Seeking Cures in Medicinal Plants
After Category 5 Hurricane Ivan devastated her native Jamaica in 2004, Chantal Adlam saw her grandmother use medicinal plants to treat an outbreak of waterborne diseases. "It's a practice passed down generation to generation, but there's not enough research being done to advise on the effectiveness of plants," says Adlam (John Jay College of Criminal Justice, B.S. in forensic toxicology, 2014).
As she begins studies toward a Ph.D. in organic and analytical chemistry at SUNY Stony Brook, with a full tuition waiver and a $100,000-plus W. Burghardt Turner Fellowship from the university, she says her "ultimate vision is to travel to underrepresented regions of the world and train young scientists to identify medicinal plants and utilize them as a method of lowering the cost of health care there. There are a lot of parasitic diseases plaguing those areas, and they're neglected diseases because pharmaceutical companies do not devote resources toward finding cures. So as I study, I wish to help mitigate health incongruities that fall along ethnic, socioeconomic and national lines."
Adlam started higher education at Borough of Manhattan Community College, where she completed the forensic science program in two years and transferred to John Jay. "I met incredible people at BMCC," she says.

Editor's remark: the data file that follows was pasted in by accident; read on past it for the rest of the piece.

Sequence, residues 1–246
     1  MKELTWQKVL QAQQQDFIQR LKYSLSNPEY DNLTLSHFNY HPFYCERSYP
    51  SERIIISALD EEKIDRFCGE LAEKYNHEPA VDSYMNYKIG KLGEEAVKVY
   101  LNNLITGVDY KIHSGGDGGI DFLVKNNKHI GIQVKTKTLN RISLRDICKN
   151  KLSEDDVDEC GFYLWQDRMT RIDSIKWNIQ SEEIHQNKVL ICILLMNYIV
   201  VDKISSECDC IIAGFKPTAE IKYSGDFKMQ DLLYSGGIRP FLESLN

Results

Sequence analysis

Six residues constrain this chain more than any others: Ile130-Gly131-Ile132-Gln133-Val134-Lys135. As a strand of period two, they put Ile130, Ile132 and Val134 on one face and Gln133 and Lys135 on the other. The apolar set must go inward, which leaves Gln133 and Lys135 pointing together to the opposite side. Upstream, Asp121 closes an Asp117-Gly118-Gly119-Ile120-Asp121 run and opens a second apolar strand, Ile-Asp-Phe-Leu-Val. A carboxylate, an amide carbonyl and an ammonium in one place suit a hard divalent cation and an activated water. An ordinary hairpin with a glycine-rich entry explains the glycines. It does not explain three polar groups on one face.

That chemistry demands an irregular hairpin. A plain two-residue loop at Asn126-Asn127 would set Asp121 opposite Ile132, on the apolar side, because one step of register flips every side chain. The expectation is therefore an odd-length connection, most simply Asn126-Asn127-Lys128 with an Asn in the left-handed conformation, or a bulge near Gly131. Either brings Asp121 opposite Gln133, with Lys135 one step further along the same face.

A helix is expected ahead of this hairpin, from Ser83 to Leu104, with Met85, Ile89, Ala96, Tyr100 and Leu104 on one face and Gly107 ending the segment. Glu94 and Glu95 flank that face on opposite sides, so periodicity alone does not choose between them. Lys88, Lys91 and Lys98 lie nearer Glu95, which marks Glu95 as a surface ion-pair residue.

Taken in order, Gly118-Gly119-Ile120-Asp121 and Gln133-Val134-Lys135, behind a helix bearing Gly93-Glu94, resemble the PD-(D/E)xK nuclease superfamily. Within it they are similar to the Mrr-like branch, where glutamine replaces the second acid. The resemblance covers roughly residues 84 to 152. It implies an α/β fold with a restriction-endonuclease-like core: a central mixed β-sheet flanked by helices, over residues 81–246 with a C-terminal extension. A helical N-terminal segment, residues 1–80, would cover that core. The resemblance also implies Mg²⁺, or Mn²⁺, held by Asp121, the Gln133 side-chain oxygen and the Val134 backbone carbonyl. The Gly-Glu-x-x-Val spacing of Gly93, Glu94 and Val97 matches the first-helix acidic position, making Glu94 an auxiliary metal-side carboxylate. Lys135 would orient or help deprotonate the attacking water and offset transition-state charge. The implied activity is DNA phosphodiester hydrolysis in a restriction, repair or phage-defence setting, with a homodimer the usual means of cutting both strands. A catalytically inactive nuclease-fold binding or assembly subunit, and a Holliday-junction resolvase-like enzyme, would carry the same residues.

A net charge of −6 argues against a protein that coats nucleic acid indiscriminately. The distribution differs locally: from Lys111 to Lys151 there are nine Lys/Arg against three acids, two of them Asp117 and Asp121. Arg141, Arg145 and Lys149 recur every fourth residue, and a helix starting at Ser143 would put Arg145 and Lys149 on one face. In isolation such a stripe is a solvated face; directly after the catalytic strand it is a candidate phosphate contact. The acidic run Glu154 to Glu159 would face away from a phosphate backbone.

At John Jay she found a mentor in Anthony Carpi, a professor of environmental toxicology and chemistry, who invited her to research mercury in the environment. "I've done computational chemistry to determine how various hydrates of mercury degrade in the environment," she says. She sought ones that are most likely to release toxic elemental mercury as they disperse in water and are degraded by sunlight. She presented her work at the 2013 Annual Biomedical Research Conference for Minority Students, the largest professional conference for minority students who intend to pursue advanced training in science, technology, engineering and mathematics (STEM).
Her studies at Stony Brook will begin with rotation through various laboratories, as she looks for the mentor who can best help her learn to synthesize drugs derived from plants. "Plants are the source of a lot of drugs on the market, but I've found that most are synthetic. Parasites have evolved to evade treatment with these synthetic drugs, and I feel you have to revert to the natural product to combat these diseases." One example is schistosomiasis, a sometimes deadly disease caused by a waterborne parasite that affects more than 200 million people in Africa, Asia and South America. Her contribution to the scientific community, she says, "is to understand and advance not only my community and my country, but humanity."
SUNY Stony Brook named its version of the statewide Underrepresented Graduate Fellowship Program after W. Burghardt Turner, a former professor who was dedicated to supporting underrepresented students. This $100,000 W. Burghardt Turner Fellowship supports study in disciplines including the biological sciences, physical sciences, social sciences, medicine, humanities, engineering and the arts.
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